I had, of course, forgotten what New York is like in the summer. I lived in the Bronx for a summer four years ago (as an aside, it freaked me out when I counted back and realized it was four years ago because where the hell did those four years go?) when it was also record-breaking hot in New York, and I have never looked or felt so awful and dowdy for such a prolonged period of time as I did that summer. My hair was an unmanageable mess of frizz, my clothes clung to my body from the unstoppable sweating, and I was covered with a fine layer of chalk dust at the end of every day (more a function of my job as a summer school teacher than the heat, but it definitely was not helping me look any better.) I slept in an un-air-conditioned building with the other girl teachers in my program and would have killed any one of the boy teachers if it meant I would have gotten to take their spot in the air-conditioned building. I don’t know how I could have forgotten all of this. It was miserable.

And so it is in New York in the summer: miserable. (And smelly, but that’s for another post.) I’ve been okay with actually sleeping in my apartment so far, with a ceiling fan droning all night to keep me cool, but the exertion that comes from waking up, showering in the kitchen, and getting ready for work is enough to drench me in sweat. The subway is, of course, the hottest place in the city, if not on all of God’s green earth, which causes me to sweat even more and develop attractive armpit sweat stains to add to my already sort of deflated appearance. I arrive at work damp, frizzy-haired, bangs plastered to forehead sleeping toddler-style, and very very hot. Within 5 minutes, I’m shivering from the dreaded air conditioning. This is not a good look for me.

What I want to know is this: how do all the other women in my office manage to look fresh and well-pressed in this shit? Seriously. It’s like some sort of New York secret that they aren’t sharing with outsiders. So if you know a way that I could arrive at work looking more like an office worker and less like someone who’s just come from birkam yoga class, please please please tell me how.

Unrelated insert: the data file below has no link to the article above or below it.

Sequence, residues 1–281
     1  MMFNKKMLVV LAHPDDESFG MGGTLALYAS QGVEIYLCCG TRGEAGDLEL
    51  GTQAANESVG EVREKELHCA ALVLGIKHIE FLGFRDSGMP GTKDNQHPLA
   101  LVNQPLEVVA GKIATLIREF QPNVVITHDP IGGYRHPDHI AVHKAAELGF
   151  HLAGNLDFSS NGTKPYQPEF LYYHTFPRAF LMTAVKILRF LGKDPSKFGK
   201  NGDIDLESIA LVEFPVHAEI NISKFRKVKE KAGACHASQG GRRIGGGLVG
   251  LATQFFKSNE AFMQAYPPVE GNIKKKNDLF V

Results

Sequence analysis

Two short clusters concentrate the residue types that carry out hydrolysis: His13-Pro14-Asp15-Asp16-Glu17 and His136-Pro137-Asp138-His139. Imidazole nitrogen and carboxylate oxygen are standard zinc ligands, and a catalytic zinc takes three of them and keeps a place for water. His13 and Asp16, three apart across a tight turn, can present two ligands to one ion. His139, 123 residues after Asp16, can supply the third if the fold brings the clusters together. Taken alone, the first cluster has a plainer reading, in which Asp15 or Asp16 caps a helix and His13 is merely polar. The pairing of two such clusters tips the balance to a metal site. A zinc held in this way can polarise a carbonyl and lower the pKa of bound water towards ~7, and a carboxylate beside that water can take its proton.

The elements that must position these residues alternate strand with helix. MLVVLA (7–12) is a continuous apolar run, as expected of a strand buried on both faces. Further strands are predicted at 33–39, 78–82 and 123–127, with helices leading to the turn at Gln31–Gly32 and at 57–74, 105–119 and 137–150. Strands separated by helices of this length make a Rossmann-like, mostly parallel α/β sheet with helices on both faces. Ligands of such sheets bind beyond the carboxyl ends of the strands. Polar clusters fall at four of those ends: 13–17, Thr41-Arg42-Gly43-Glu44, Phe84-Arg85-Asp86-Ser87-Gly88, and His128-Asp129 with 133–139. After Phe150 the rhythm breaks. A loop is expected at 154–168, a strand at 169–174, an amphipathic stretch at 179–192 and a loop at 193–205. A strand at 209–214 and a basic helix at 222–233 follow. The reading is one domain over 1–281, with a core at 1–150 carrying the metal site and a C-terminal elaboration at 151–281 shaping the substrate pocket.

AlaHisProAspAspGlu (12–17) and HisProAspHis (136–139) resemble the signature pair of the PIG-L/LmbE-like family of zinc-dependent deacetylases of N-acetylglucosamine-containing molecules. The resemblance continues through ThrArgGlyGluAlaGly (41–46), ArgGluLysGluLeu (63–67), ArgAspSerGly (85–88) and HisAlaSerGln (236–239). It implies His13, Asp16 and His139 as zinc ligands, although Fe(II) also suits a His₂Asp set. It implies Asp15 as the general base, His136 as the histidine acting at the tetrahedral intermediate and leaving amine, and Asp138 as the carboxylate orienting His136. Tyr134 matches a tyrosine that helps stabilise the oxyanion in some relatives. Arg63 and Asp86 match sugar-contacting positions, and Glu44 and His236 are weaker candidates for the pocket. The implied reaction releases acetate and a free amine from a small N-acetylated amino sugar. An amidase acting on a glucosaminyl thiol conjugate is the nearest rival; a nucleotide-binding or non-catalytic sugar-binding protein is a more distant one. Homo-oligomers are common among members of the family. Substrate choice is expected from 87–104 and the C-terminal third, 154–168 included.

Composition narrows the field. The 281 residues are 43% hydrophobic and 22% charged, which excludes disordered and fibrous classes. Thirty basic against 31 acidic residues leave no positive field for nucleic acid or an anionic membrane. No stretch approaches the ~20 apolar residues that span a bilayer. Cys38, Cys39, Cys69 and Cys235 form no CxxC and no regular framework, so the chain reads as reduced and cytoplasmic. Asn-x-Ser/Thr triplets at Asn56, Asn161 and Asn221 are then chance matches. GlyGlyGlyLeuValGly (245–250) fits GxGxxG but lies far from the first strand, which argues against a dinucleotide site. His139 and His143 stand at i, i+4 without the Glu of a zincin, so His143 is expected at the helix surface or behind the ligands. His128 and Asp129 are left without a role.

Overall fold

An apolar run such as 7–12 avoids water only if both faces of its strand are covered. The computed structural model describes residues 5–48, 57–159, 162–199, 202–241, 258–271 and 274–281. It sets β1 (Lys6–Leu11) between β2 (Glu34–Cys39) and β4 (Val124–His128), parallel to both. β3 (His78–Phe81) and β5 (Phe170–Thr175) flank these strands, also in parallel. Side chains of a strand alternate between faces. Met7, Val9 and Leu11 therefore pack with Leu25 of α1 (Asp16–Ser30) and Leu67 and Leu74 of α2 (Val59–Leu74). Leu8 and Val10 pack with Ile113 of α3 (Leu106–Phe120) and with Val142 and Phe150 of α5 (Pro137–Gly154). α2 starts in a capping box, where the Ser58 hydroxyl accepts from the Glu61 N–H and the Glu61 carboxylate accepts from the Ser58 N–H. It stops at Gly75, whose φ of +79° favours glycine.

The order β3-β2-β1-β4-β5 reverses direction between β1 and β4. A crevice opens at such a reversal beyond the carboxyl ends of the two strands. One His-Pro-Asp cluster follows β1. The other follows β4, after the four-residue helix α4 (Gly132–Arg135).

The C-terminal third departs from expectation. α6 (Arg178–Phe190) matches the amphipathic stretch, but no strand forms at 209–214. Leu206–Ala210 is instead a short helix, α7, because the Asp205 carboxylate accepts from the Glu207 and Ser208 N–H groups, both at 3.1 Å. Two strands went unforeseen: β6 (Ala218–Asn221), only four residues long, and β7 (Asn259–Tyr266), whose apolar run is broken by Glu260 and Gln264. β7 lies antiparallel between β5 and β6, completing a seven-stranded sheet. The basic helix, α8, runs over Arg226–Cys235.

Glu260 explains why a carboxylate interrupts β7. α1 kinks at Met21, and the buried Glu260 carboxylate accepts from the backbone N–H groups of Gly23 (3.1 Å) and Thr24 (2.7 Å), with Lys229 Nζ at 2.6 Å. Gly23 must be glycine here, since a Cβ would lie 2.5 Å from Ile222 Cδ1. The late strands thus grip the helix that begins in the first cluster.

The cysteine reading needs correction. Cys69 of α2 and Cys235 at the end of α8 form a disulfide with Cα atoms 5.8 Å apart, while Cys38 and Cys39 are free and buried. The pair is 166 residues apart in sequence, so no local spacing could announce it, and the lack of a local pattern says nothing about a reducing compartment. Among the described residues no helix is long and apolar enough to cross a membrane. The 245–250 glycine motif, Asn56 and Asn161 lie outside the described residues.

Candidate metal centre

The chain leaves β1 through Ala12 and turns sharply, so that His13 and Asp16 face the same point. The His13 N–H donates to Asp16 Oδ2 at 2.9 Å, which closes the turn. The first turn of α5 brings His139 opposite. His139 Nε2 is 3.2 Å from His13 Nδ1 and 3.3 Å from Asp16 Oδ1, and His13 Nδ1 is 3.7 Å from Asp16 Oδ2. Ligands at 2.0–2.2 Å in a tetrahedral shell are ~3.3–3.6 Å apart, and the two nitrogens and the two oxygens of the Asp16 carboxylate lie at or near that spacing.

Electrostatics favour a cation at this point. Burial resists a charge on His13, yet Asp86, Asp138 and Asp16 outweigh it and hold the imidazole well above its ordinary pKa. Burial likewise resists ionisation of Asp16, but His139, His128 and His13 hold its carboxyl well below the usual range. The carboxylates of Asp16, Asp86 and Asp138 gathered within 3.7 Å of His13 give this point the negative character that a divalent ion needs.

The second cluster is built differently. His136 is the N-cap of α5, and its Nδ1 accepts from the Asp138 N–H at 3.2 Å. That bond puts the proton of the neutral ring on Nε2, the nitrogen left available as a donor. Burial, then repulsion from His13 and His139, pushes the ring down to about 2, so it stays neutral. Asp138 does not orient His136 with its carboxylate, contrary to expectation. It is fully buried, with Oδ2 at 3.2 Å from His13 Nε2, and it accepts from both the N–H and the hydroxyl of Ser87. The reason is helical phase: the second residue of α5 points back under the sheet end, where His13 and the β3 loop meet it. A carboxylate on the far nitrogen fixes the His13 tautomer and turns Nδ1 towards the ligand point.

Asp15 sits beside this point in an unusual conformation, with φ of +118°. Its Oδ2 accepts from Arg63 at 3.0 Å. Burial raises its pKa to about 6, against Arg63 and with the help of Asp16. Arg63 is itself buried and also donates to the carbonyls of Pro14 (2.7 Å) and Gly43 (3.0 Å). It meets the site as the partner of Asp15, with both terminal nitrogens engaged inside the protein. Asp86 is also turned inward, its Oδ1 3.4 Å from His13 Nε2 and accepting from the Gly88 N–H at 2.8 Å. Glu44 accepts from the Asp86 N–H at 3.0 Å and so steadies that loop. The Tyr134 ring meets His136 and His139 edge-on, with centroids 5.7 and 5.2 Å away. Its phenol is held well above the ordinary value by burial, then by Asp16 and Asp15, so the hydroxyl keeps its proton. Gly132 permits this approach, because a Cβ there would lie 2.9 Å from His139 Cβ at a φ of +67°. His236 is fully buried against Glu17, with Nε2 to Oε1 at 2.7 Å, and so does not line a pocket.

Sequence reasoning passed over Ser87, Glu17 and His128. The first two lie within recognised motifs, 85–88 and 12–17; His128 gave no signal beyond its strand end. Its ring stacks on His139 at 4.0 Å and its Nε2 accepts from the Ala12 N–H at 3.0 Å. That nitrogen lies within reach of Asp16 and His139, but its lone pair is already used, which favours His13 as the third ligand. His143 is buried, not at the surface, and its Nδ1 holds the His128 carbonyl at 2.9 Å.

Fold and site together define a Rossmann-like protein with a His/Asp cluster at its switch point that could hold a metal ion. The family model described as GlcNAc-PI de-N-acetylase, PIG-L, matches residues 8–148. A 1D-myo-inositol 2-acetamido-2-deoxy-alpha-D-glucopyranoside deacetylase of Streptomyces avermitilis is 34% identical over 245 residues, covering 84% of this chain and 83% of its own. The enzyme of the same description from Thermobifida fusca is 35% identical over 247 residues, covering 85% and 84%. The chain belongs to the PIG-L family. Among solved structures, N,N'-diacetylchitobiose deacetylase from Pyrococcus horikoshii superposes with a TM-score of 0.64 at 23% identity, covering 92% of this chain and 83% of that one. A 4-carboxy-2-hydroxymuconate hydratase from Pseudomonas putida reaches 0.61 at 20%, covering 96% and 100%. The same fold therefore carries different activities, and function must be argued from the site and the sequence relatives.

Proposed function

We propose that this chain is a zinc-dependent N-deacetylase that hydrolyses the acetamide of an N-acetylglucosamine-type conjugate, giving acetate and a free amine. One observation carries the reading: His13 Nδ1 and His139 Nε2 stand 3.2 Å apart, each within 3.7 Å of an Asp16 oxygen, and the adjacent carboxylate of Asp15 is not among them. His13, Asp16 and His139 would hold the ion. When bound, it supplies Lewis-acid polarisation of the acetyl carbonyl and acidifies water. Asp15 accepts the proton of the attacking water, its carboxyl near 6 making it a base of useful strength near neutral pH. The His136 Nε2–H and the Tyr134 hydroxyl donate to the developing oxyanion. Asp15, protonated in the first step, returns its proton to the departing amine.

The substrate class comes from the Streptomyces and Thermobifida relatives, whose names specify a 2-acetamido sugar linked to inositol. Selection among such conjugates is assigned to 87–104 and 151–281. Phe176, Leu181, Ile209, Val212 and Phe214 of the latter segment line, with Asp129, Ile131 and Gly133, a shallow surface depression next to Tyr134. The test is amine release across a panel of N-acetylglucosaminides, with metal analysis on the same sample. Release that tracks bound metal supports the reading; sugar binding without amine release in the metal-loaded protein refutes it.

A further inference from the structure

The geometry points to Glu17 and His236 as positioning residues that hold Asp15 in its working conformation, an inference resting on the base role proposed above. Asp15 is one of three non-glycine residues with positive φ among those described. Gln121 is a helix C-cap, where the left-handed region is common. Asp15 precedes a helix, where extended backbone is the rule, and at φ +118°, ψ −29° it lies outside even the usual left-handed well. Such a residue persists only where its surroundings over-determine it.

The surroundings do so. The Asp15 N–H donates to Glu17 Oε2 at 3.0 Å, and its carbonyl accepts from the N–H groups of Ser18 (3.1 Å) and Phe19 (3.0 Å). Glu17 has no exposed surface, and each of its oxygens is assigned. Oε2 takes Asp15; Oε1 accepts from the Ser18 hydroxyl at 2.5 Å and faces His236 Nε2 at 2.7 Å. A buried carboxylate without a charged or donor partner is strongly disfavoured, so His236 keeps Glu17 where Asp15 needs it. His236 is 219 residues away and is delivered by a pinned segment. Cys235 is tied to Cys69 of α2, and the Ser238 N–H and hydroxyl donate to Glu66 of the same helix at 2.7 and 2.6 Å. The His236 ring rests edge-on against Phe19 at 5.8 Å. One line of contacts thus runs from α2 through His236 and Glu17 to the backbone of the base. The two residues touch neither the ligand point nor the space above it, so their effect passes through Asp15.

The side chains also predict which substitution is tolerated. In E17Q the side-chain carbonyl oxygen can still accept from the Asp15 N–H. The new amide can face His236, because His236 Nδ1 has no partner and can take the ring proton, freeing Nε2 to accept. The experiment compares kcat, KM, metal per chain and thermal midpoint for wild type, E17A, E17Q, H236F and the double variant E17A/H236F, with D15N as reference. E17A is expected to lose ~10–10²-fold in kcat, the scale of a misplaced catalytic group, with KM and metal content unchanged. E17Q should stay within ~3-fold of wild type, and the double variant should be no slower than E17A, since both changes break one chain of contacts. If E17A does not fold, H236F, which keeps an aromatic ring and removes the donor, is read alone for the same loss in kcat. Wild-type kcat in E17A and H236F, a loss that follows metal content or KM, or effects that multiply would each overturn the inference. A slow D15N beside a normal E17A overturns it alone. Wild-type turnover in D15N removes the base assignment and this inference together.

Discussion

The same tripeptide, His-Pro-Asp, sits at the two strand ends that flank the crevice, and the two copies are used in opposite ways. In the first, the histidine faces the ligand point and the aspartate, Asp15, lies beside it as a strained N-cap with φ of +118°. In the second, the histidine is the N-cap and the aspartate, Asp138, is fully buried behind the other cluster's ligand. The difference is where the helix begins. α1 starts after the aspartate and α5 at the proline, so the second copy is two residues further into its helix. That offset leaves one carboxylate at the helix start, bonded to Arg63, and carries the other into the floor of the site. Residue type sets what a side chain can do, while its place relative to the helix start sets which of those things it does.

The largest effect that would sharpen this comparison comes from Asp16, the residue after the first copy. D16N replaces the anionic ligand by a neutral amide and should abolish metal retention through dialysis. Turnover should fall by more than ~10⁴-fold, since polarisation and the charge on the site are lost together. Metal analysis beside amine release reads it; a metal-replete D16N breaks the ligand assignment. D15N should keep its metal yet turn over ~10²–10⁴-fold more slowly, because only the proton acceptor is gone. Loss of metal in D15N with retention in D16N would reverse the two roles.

Dear Person from the United States Military Academy who was referred to my blog by doing a google search for the word “nudist:” Ew.

Same goes for whoever it is who visits EVERY SINGLE DAY based on a search for “anna/nicole/smith/fat.” Seriously. Ew. Stop.

Back when Stark Raving Crazy Bitch still said she intended to sublet to me, she told me that her apartment would only be available from August 5 through 26th. Since I arrived in New York on July 22, this presented something of a problem. So back to craigslist I went, looking for a place that was available from July 22-August 5. So anxious was I to find a place for these exact dates, thus avoiding double booking myself and having to pay for two apartments on some nights, that I sort of ignored some of the finer points of these craigslist postings, like “proximity to public transit” and “existence of a kitchen in the apartment.”

So it is that I come to be settled in the East Village’s coziest shoebox, which was available for exactly the dates I needed and thus I practically threw myself at the feet of the craigslist poster, begging her to pick me. It has some charming, if somewhat unexpected, features:

* The “kitchen” consists of a hotplate and a mini fridge that appears to be older and more decrepit than the mini fridge I had my freshman year of college, which is unlikely to mean much to you but I ask you to take my word for it is a Very Bad Thing.

* The lamp above the bed, with the all-important attached fan, appeared for the first four hours I was here to be completely nonfunctional until, in a fit of frustration, I picked up a remote control that I assumed operated the stereo, pushed “power,” and the lights and fan came on. Hallelujah!